Is Having A Celebrated Medical Career Enough To Be Nominated As A HUD Secretary?
The new question arising among the critics is whether Ben Carson is the right choice for being a secretary of HUD, Housing and Urban Development. The retired neurosurgeon, Ben Carson who was nominated by President-elect Donald J. Trump, has put doubts in the critics regarding his training or the lack thereof to run the Public Housing.
The duty of a Housing and Urban Development Secretary is to make sure that the low income families have a decent place to live in a safe neighbourhood. Federal Housing Administration is run by the HUD and it is the means to access loans distributing money through the Community Development Block Grant program.
This is the funding pool put in use for reconstruction after the natural disaster such as storms and floods occur. HUD enforces the Fair Housing Act which states that any kind of discrimination of housing is illegal and Section 8 Housing Choice Voucher Program assists in housing the poor.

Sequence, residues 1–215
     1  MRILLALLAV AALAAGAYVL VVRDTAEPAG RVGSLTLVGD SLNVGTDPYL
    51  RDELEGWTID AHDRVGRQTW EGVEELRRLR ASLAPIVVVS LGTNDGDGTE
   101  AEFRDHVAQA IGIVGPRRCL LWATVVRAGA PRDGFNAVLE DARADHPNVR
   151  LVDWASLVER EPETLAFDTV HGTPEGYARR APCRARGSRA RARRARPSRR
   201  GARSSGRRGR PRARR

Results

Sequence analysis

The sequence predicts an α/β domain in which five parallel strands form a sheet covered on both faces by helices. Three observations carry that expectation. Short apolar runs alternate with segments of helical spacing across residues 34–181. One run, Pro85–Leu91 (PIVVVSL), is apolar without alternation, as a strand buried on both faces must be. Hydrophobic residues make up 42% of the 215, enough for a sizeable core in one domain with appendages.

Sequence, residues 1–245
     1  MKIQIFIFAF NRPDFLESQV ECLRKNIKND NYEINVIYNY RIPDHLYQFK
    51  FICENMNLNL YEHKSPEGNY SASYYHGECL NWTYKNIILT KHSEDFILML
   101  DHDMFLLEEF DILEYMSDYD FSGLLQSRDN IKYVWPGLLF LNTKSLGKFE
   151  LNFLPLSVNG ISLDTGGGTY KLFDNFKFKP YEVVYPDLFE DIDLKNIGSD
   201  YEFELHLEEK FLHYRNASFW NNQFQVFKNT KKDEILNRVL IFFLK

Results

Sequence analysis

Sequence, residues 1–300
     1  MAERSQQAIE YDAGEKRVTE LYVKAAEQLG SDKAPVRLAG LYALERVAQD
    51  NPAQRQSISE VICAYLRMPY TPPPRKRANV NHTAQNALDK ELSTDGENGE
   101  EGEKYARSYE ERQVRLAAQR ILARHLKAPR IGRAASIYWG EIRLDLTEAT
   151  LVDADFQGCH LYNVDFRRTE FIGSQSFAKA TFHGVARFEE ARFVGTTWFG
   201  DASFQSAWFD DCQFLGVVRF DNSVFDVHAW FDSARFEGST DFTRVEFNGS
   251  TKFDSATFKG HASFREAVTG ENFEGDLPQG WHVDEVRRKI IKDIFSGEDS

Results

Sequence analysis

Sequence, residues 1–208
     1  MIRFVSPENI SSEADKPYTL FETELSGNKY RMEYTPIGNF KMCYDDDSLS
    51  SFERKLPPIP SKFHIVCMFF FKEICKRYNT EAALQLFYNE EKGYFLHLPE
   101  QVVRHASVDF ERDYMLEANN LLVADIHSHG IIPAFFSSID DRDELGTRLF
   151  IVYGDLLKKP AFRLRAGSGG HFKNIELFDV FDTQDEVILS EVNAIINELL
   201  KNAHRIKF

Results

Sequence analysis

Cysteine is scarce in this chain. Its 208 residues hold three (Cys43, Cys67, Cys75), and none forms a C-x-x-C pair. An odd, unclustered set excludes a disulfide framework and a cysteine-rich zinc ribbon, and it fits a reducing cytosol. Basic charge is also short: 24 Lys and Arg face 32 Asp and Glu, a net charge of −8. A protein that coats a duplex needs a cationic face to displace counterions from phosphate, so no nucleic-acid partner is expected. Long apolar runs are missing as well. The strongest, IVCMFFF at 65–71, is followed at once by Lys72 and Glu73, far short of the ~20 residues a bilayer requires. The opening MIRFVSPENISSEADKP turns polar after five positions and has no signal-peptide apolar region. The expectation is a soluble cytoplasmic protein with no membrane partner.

It is said that Dr. Carson with a neurosurgery background has more experience of working on someone’s brain rather than with real estate, economic development and creating housing for people. Dr Carson grew up in Detroit in poor economic conditions and by the time he was in his thirties, he was a famous neurosurgeon.
Still, it is critiqued that having a successful medical career is far different than running the federal housing bureaucracy. The previous HUD secretaries had government experience such as George Romney who was a governor before becoming a HUD secretary and the current HUD secretary, Julian Castro also was a mayor.
That experience can be a crucial element allowing the HUD to relate with people on economical level. Although it is said by some critics that his riches to rags story could be used to relate with people and by learning the latest innovations in the housing department, he can do well.
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Stephanie Ovadia is a practicing attorney, radio personality and mother of eight children. Stephanie's areas of practice include entertainment law and personal injury. She received her B.A. in political science from SUNY Binghamton and her J.D. from Southwestern University School of Law.